What is an ulcer? An ulcer is an external or internal sore or lesion that is a sign of necrosis (death of the tissues at a cellular level). Most ulcers that plague people are called “gastric” ulcers which are internal in nature. There are several kinds of ulcers and they include: ulcerative colitis, bed sore, and canker sore (herpes). decubitus ulcer, peptic ulcer, serpent ulcer, gastric ulcer, duodenal ulcers,

Internal ulcers usually occur on the mucous membranes (the internal skin) in the gastrointestinal tract.

The symptoms of internal ulcers include inflammation (chronic burning), stomach pain, and bleeding (from the rectum). Internal ulcers are the result of ACID, too much acid in the body. And where does this acid come from? Answer: degenerate diet and lifestyle!
What Causes Stomach Ulcers

Certain factors and behaviors can put you at higher risk for developing stomach ulcers:

  • an infection with the bacterium Helicobacter pylori (H. pylori)
  • long-term use of nonsteroidal anti-inflammatory drugs (NSAIDs), such as aspirin and ibuprofen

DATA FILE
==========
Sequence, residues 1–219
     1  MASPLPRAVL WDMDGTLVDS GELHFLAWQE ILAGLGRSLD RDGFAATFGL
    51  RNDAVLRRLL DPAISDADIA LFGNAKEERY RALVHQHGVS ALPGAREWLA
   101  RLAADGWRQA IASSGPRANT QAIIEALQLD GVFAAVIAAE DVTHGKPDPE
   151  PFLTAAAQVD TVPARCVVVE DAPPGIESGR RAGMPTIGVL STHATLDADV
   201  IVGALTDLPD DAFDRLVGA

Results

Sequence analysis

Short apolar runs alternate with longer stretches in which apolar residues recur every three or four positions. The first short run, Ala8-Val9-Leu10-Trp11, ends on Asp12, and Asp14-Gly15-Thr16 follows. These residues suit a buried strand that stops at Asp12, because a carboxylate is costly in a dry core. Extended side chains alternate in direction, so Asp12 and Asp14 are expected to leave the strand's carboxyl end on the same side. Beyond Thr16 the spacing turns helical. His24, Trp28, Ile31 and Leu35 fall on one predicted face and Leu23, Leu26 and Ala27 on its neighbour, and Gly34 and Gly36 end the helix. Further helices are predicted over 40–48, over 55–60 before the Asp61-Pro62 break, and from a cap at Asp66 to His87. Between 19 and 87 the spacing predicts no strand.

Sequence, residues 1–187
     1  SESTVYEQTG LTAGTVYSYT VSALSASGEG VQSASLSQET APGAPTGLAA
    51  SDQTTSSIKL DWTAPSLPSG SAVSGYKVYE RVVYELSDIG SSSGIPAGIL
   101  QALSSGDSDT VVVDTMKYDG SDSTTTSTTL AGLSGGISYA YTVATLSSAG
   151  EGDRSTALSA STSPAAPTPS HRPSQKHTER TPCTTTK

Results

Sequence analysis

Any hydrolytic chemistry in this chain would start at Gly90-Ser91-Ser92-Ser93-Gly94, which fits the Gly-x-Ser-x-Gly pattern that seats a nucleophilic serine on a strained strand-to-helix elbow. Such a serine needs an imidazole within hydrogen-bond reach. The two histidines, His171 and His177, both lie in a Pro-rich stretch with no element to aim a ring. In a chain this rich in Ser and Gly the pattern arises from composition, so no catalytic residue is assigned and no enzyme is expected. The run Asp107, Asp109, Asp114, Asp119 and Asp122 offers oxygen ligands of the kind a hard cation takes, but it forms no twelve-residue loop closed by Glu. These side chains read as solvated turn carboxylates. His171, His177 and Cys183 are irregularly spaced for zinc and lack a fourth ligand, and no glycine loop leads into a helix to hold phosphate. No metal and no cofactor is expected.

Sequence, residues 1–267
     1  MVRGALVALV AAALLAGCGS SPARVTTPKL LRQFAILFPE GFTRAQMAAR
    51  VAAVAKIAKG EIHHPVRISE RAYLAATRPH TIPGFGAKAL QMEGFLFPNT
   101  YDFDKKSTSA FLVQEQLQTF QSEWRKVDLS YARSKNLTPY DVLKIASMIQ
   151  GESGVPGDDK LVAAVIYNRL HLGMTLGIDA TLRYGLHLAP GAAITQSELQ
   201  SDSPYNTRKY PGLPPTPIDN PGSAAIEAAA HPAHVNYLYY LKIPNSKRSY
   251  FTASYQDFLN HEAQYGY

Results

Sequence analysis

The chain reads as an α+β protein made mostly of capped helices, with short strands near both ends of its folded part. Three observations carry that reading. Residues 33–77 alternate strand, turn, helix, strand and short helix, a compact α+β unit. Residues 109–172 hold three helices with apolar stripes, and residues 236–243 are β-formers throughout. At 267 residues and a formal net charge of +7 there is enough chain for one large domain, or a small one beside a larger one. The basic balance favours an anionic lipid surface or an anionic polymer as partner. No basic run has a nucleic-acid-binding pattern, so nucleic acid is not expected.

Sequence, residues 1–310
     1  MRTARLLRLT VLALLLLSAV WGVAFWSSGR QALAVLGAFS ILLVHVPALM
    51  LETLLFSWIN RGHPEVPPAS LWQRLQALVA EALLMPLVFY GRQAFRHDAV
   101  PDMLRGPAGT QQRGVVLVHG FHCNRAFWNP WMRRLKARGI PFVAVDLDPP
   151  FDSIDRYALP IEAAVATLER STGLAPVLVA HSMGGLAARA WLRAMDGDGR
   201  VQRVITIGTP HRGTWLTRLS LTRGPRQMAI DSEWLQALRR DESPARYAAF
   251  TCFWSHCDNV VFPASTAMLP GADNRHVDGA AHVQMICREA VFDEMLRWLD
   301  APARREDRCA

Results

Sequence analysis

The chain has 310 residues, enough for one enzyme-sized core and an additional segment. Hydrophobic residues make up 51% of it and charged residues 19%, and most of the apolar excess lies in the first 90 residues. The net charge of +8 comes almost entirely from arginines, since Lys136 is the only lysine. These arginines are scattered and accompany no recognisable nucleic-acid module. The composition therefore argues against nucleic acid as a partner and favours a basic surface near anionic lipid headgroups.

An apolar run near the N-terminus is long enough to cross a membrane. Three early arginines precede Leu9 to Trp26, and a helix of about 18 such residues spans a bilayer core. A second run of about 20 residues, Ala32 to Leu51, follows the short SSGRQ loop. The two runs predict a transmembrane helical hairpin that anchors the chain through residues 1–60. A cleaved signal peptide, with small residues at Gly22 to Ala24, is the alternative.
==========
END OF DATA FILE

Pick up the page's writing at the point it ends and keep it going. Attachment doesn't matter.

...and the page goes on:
• excess acid (hyperacidity) in the stomach, which may be related to genetics, lifestyle (stress, smoking), and certain foods
  • Zollinger-Ellison syndrome, a rare disease that makes the body produce excess stomach acid
  • smoking
  • frequent use of steroids (such as those for treating asthma)
  • hypercalcemia (overproduction of calcium)
  • family history of stomach ulcers
  • being over 50 years old
  • excessive consumption of alcohol

Common Signs Of Ulcer Problems

  • nausea or vomiting
  • bloating
  • burping or acid reflux
  • heartburn (burning sensation in the chest)
  • pain improves when you eat, drink, or take antacids
  • dull pain in the stomach
  • weight loss
  • not wanting to eat because of pain

Treatment For Ulcers

  • over-the-counter antacids: to help neutralize stomach acid
  • cytoprotective agents: to protect the lining of the stomach and small intestine, such as Pepto-Bismol
  • H2 blockers: to prevent your stomach from making too much acid
  • proton pump inhibitors: blocks the cells that produce acid

Surgical Treatment For Ulcers

In very rare cases, a complicated stomach ulcer will require surgery. These include ulcers that:

  • continue to return
  • don’t heal
  • bleed
  • tear the stomach or small intestine
  • keep food from flowing out of the stomach into the small intestine

Surgery may include

  • tying off a bleeding artery
  • cutting off nerve supply to the stomach to reduce the production of stomach acid
  • removal of the entire ulcer
  • taking tissue from another part of the intestines and sewing it over the ulcer site